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The water is mean to be clean, and fortunately most water sachet producers maintain acceptable quality levels. Last week we were warned about the risk of a cholera outbreak, due to the rainy season and poor sanitary conditions, and that both piped water sources and sachet may not be safe for drinking and should be boiled. I am lucky that I can afford to have drinking water delivered to my flat, big 20 litre containers. I still use tap water for cooking pasta and such, I just make sure the water boils for a minute or two before I add the food. Many Accra inhabitants do not have that luxury.

Fortunately Trashy Bags does some great work in using discarded water sachets, which are otherwise often just discarded. Highly recommended. There is some plastic recycling here, but mainly hard plastic waste.

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Tro-tro (minibus taxi) of the week: less religion, more American imagery.

Accra catch-up

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It’s been a while: too much traveling, too much work. Nice to be back in Accra to enjoy the cooler weather. Under 30C, a little overcast many days: I’ve been walking and walking, enjoying being outside without immediately dripping with sweat. The rainy season is here, which is such a nice change.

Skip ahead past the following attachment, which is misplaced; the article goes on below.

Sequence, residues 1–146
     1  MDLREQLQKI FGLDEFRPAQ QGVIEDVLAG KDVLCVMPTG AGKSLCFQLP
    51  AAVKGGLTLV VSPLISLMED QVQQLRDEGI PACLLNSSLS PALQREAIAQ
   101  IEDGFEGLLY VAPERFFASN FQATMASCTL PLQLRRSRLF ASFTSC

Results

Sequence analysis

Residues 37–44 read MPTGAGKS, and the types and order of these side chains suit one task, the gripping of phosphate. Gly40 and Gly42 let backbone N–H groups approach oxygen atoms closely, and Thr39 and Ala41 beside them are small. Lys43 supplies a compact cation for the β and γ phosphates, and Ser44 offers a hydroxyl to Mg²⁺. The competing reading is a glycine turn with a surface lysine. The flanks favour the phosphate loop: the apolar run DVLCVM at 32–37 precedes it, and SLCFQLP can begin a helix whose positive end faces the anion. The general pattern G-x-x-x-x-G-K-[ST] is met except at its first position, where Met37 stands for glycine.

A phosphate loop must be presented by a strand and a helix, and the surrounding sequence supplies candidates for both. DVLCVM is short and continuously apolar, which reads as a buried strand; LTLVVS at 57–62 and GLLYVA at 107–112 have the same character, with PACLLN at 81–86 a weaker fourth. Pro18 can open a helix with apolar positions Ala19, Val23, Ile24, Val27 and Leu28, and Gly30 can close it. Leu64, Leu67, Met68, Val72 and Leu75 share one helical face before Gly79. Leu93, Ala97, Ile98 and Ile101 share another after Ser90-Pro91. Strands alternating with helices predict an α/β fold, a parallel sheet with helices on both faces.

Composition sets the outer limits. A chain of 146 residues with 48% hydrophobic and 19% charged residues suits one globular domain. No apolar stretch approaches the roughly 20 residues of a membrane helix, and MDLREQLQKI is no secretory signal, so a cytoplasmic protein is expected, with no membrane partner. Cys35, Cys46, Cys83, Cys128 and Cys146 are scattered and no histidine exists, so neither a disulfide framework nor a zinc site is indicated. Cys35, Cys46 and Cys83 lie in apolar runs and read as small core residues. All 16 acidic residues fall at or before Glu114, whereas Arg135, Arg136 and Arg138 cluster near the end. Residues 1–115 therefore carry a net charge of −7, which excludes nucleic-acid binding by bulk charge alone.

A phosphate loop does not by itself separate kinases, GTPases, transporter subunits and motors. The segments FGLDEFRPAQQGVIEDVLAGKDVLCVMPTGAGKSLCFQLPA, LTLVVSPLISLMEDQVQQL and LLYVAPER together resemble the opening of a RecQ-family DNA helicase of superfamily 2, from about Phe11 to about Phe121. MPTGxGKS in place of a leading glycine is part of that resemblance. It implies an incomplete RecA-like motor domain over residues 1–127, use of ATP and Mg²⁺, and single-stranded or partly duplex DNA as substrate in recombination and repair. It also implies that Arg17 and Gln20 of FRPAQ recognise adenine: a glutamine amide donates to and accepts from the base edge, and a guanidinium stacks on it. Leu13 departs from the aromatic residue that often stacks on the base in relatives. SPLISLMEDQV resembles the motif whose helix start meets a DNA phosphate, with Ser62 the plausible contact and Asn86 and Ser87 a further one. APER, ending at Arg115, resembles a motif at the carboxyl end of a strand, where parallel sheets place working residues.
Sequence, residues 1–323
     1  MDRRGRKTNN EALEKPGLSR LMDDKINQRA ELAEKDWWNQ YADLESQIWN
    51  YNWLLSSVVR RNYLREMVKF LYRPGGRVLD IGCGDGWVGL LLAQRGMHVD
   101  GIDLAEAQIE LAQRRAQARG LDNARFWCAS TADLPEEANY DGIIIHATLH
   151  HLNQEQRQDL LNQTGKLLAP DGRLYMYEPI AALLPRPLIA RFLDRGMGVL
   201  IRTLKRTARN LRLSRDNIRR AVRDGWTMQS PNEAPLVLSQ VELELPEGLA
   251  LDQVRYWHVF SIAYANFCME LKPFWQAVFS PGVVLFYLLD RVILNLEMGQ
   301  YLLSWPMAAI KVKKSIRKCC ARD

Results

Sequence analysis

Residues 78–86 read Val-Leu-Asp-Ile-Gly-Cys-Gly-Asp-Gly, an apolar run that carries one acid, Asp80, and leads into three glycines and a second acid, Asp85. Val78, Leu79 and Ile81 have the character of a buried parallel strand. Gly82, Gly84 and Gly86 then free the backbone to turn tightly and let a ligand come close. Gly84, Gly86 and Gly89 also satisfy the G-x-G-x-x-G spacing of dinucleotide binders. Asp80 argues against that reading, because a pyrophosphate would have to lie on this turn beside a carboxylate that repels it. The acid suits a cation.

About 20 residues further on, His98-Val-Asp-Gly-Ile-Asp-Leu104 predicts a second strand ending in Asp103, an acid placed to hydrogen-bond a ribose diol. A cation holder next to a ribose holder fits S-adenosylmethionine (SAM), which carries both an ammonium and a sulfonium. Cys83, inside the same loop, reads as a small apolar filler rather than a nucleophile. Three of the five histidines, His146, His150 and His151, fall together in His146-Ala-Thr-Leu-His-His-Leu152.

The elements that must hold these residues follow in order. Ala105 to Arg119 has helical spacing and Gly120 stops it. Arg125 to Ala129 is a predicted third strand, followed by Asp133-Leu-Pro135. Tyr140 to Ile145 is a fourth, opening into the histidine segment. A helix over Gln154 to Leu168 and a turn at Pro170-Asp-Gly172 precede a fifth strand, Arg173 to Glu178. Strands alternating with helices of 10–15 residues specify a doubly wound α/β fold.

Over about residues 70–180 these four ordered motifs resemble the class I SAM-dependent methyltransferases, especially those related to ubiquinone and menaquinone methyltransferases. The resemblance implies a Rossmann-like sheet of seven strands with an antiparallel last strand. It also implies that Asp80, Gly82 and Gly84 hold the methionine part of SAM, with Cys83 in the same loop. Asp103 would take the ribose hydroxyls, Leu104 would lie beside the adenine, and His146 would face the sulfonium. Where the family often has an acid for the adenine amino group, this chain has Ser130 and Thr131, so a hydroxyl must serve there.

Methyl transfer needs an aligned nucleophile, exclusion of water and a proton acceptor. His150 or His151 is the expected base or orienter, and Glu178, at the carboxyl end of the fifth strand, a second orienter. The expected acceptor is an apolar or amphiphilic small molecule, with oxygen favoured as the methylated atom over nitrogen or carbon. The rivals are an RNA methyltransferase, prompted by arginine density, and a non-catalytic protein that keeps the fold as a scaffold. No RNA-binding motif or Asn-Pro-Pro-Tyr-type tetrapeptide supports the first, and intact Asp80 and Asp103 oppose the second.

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A kenkey shack.  Kenkey is a sourdough dumpling usually served with pepper sauce and fried fish or soup, stew. Many great signs, but it is hard to take pictures here so when it’s a weekend, I try to capture a bit of Accra. It’s not just deep choked gutters, goats and poverty, there are also modern buildings, a lively arts scene and very nice people.

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The National Theatre, very sweeping and white.

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Two Canadians were kidnapped in Kumasi. Thank goodness they have been rescued, and of course we are told the kidnappers were all Nigerian. Nigerians are blamed for a lot of crime here.  There have been several kidnappings here in the last months, so we are keeping an ear out. Being told not to take taxis or Ubers is not really practical for many of us, and generally Accra is not that unsafe so far.

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So I’ve had my walks, looking at chop shops (food shacks) which are often seem to have bits of shipping containers in their structure. Trees and churches, bored guards on plastic chairs, chickens, compound walls with “PROPERTY NOT FOR SALE”  or “DO NOT URINATE HERE”, discarded water sachets, carefully swept sidewalks. Lottery booths, kids in school uniforms, early morning joggers, ladies selling bread rolls or bananas, tro-tros (minibus taxis) with Shatta Wale pictures.

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Beautiful baskets, of course. (Yes, I bought another one.)

shatta wale on tro tro

Here you are: tro-tro with a) religious phrase and b) Shatta Wale!